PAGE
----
We are told, “...many young women were gathered in Susa” (8). The verb ‘gathered’ is in the passive form. In other words, these young women were gathered up, collected, and rounded up by the officials. They were taken from their homes, their families, their friends, and from their communities and they were brought to Susa. We are not told that they could take anything with them. We are not told if they were given any time to prepare for this. There was no appeals process that these young women or their parents could apply for.
The end of verse 8 describes this process in even more graphic language. We read, “Esther also was taken into the king’s palace and put in custody of Hegai, who had charge of the women.” Esther ‘was taken’into the kings palace, she was put in the custody of Hegai who had charge of all the women.
Esther did not sign up for any of this. She did not willingly desire to compete to see if she could go to the palace to compete to be the queen. She was not asked if she was willing to be a part of this. No, the officials showed up at the house of Mordecai and Esther was taken from his home.
Esther pleased Hegai the kings official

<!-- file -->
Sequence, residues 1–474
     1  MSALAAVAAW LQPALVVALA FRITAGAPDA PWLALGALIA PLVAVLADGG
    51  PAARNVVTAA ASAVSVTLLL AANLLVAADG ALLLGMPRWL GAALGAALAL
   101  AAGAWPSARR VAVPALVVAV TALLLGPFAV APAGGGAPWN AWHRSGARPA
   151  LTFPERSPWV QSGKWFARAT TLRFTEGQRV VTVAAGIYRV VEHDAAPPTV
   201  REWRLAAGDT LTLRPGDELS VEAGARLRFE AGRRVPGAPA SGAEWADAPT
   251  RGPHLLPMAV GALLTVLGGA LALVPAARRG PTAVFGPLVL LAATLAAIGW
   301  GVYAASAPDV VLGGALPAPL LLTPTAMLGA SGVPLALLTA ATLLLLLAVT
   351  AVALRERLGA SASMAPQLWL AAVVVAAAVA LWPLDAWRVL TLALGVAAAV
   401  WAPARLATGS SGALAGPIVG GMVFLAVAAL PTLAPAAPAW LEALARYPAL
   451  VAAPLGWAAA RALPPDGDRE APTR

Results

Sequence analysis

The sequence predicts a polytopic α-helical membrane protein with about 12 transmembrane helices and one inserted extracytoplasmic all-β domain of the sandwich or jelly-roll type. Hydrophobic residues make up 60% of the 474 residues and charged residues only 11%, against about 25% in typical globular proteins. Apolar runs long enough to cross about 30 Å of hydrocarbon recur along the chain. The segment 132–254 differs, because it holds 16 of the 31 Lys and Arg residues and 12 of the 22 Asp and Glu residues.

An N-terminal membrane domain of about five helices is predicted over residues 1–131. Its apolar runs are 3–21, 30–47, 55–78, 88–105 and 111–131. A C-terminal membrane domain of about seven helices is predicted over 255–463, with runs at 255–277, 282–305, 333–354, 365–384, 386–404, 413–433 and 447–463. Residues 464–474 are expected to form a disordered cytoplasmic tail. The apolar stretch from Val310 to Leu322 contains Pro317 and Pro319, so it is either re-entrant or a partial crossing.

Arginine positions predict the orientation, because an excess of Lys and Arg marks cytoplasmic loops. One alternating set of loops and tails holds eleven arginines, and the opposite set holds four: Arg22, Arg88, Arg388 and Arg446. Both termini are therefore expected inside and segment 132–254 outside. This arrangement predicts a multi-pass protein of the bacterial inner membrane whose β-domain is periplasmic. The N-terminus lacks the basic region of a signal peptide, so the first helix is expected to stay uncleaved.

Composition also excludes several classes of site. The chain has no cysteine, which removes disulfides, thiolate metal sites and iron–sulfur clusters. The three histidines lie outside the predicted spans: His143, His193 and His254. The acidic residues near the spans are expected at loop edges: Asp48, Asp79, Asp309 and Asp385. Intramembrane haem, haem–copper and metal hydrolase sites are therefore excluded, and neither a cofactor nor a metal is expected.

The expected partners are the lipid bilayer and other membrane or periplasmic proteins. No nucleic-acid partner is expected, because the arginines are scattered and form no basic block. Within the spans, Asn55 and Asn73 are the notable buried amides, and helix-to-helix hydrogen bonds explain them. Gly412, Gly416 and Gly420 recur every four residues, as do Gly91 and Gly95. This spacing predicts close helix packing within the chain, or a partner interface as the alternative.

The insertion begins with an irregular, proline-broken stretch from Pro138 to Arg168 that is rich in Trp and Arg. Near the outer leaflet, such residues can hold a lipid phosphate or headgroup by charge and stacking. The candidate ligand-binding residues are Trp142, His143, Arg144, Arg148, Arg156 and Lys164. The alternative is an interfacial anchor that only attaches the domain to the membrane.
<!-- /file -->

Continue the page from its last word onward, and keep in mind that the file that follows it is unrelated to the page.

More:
In Esther 2:9-11 we read, “Esther also was taken into the king's palace and put in custody of Hegai, who had charge of the women. And the young woman pleased him and won his favor. And he quickly provided her with her cosmetics and her portion of food, and with seven chosen young women from the king's palace, and advanced her and her young women to the best place in the harem.”
What was it that made Esther find favor in the eyes of Hegai? It probably was not simply her physical beauty because Esther was just one of hundreds of young beautiful women who had been brought to the kings palace. Perhaps it had something to do with her character and disposition. But we also know that God was working behind the scenes to grant this favor toward Esther.